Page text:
Scroll the home page, near the bottom of the page, in the column on the far left you will see a listing for “Who’s Alive, Who’s Dead.”
Click on that link. You can search alphabetically or by category. (Actors, Politics, Athletes, etc.) I discovered that Maureen O’Hara is still alive, and in her eighties. Didn’t know that.
Need to translate a few words from English to Italian?
Scroll the home page. In the center section, about ¾ of the way down the page you will see a section called “Facts Search Desk.”
The second group down offers “Translation Dictionaries”. In the “English to Italian” box, I typed:
“Fight the good fight” and learned that in Italian it would be: “battersi per una causa legittima”
Finally have time to look at
the 9/11 Commission Report?
Scroll the home page about half way down. In the far right column, under “Misc. Resources” you can click the link.
Area code directories, ATM locaters, medical dictionaries, online calculators, currency converters, maps, and the names of world leaders are just a few more kinds of information you can find here.
Ready to begin a search but aren’t sure where to start?
I found it easier at first to access the “SiteMap”, and work from there.
Or you can click on: "First Things First” and/or "Quick Reference".
Links are very well organized into categories and groups. They are accessed several different ways to make it easier to locate specific information.
If you are looking for a more focused search, articles on any topic can be accessed here. You can choose to look for ‘free articles only’ or pay to access their entire database. I have had plenty of success using the free articles.
I typed in “Mackinac Island Michigan” and searched for free articles in all magazines.
After scrolling past the advertisements, I could access a list of 224 results. The variety included articles from now defunct publications such as the “Saturday Evening Post”, a variety of articles in travel magazines and Midwestern newspapers, and publications I might not automatically have considered to search such as “Golf Digest”, “Shape”, and Better Homes and Gardens”.
If you need background information and want to avoid being overwhelmed with advertising and promotions, these can provide real value with less headache.
We all have gaps in our knowledge base. This site offers clear instructions on how to do just about anything.
It contains a great variety of well-written and easy to read articles with additional links; as well as comments and suggestions from readers. It covers so many areas, from the more obvious of how to buy a car, to the more difficult to describe such as “How to know if you love him/her”.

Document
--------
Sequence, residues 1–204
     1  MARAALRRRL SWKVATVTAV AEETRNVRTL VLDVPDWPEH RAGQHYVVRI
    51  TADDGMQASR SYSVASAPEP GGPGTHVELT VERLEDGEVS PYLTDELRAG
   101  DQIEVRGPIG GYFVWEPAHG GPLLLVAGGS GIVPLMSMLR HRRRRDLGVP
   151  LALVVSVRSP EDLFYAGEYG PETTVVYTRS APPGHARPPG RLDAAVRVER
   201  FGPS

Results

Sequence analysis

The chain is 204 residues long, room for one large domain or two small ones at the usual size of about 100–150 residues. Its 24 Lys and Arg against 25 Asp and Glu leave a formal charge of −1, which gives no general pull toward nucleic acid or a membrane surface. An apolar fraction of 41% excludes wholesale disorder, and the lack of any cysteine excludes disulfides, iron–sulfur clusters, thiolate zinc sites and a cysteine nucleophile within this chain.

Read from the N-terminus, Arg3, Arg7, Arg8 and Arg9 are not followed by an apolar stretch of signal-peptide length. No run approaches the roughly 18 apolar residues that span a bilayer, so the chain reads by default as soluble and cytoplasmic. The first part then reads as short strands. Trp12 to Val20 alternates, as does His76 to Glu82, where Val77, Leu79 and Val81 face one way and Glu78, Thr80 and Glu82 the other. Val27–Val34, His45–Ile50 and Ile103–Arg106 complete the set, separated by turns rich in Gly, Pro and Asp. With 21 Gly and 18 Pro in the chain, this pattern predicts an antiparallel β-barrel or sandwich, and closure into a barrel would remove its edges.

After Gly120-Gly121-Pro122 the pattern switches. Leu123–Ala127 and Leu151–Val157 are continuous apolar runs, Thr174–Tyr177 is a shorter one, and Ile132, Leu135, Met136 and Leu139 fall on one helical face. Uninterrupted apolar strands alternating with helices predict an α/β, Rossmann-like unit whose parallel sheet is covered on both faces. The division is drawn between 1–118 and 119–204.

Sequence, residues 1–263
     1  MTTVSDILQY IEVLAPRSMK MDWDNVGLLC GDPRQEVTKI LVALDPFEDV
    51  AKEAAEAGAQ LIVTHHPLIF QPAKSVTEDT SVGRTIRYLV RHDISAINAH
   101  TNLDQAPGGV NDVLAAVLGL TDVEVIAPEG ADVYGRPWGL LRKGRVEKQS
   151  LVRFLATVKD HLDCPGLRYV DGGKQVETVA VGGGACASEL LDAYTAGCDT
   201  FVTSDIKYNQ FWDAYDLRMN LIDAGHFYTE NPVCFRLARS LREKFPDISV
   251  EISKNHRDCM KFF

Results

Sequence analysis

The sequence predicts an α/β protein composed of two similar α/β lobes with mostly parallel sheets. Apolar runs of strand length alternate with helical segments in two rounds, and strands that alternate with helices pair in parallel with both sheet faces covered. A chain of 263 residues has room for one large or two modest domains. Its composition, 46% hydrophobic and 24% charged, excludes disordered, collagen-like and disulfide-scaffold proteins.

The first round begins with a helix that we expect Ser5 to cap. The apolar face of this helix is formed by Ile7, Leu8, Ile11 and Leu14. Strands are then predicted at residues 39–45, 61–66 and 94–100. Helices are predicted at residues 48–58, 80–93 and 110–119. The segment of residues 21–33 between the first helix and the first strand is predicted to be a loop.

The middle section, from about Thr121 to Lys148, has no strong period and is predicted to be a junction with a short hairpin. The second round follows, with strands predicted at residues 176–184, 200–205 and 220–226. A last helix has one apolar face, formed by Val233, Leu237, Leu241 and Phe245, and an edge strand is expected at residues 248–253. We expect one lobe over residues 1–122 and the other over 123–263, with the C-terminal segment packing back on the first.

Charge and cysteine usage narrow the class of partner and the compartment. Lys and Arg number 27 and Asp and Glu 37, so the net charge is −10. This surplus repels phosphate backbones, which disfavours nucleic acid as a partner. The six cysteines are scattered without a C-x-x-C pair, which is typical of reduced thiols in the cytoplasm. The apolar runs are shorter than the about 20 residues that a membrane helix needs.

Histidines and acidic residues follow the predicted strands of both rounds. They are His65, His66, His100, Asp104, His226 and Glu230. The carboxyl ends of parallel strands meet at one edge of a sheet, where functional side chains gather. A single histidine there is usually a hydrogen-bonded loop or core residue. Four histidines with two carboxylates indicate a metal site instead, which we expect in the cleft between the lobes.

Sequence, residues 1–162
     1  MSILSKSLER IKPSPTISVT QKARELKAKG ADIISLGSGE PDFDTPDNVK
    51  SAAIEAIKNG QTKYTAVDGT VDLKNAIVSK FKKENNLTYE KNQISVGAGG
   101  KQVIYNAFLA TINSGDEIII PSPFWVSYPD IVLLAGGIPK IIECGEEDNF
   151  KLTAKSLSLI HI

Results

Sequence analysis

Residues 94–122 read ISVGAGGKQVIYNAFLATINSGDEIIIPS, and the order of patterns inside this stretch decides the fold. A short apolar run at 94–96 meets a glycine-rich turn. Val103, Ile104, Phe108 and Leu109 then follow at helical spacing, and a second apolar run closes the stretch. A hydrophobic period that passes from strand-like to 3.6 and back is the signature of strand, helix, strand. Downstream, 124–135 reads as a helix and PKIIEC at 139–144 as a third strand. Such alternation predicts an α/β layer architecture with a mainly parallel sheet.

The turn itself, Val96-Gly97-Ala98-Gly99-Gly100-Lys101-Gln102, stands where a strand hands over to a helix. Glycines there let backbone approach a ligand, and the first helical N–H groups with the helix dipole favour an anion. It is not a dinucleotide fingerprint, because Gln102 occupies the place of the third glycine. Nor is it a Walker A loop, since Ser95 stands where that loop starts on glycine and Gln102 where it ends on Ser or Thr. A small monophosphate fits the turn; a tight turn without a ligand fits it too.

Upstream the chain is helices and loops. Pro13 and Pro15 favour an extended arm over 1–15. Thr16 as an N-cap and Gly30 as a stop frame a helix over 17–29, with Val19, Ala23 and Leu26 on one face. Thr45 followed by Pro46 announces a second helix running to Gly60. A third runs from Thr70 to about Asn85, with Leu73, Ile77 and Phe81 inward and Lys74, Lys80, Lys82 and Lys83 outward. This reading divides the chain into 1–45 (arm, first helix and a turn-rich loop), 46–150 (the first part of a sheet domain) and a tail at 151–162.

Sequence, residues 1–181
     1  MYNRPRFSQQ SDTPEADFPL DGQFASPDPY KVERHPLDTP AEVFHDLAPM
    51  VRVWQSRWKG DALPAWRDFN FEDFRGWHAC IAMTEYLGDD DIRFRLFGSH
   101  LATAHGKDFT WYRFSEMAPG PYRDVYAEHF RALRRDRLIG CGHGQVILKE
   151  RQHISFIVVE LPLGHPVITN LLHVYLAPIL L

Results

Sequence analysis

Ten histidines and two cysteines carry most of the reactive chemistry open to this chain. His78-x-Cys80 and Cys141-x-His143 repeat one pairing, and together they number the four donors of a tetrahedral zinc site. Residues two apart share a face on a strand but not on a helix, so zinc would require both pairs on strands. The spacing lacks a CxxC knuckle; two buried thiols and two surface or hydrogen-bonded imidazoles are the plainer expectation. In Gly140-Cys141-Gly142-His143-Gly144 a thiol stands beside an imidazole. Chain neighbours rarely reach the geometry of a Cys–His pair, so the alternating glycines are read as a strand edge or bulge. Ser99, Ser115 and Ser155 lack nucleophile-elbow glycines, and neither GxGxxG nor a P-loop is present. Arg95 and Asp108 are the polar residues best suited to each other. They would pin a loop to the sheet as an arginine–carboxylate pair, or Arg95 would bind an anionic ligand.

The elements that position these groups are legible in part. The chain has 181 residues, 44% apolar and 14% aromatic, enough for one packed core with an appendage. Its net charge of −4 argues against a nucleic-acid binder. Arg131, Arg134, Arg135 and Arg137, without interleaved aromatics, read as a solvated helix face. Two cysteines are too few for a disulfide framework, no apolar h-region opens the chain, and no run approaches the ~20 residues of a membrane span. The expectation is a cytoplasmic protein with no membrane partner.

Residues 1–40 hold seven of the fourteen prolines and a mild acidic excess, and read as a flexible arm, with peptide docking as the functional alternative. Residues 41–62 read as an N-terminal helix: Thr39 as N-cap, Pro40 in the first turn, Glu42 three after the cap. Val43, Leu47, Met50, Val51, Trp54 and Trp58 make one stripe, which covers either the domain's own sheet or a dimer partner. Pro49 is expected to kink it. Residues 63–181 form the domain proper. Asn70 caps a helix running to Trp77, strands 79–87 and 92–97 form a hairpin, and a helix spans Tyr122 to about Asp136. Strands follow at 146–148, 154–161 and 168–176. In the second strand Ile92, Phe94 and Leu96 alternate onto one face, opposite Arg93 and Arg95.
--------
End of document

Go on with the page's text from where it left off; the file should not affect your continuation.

Here are a few others I found while haphazardly clicking the site:
How to check your dog's heart rate:
How to ask someone on a date
How to decide whether to keep or replace your car
How to stop a toilet from running
How to comfort a grieving person
How to grip a baseball bat:
How to deal with a stuck wine cork
Wednesday, March 29, 2006
Your lunch date with the college roommate you haven’t seen in ten years has turned awkward. She has become rigid and inflexible with a harsh divisive intolerant worldview. Even worse, she is using half-baked truths and phony facts to reinforce her points. You are both too intense to ignore the topic now. What do you do?
It seems impossible to have a rational discussion when your views are so far apart. Although you enjoy a healthy debate, this seems more likely to become an uncomfortable conflict. You are too mature to sling insults at the other person’s beliefs or intellect. Your beliefs are too important; the stakes too high to ignore the other person’s point of view. And deep down you know the truth in
Hubert H. Humphrey’s statement: “Freedom is hammered out on the anvil of discussion, dissent, and debate.”
Our noble experiment as a Democratic Republic was created to be of the people, by the people, for the people. For over two centuries we have discussed, debated, disputed, and questioned as we tried to make the right choices. We collectively agree that we want to finely hone our ideals to reflect our advancements as a society.
Our methods for obtaining information have been transformed. We don’t wait months for the pony express to bring our news and letters. Walter Cronkite We don’t listen to the same radio programs, or watch the same nightly newscasts. First, cable and satellite offered an enormous variety of sources. Then the internet multiplied that array to a diversity of online resources that easily boggle the mind.